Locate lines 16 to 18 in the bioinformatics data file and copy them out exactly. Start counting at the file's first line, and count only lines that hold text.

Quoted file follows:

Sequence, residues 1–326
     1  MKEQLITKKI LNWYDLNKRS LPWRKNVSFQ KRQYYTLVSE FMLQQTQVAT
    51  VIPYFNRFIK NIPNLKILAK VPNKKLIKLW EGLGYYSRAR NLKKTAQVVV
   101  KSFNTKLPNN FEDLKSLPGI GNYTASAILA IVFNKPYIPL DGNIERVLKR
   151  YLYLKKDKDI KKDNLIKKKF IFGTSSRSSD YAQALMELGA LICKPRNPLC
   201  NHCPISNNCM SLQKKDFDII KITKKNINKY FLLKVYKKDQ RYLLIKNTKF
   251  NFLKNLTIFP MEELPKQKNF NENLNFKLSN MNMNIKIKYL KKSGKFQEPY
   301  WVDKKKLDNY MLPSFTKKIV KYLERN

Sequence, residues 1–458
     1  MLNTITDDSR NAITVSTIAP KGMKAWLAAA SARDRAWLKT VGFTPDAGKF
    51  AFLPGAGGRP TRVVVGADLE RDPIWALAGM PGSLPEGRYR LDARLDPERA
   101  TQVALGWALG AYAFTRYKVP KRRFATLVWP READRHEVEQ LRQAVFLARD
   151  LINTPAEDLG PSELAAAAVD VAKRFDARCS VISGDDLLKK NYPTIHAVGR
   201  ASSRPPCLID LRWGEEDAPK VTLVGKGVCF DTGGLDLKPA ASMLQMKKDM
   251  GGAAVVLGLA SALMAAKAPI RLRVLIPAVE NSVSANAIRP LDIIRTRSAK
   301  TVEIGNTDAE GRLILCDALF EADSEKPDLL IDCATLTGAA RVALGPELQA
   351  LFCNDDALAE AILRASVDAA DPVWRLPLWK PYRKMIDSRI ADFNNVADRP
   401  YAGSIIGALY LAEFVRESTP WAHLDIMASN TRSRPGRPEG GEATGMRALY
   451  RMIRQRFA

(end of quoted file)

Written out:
   301  TVEIGNTDAE GRLILCDALF EADSEKPDLL IDCATLTGAA RVALGPELQA
   351  LFCNDDALAE AILRASVDAA DPVWRLPLWK PYRKMIDSRI ADFNNVADRP
   401  YAGSIIGALY LAEFVRESTP WAHLDIMASN TRSRPGRPEG GEATGMRALY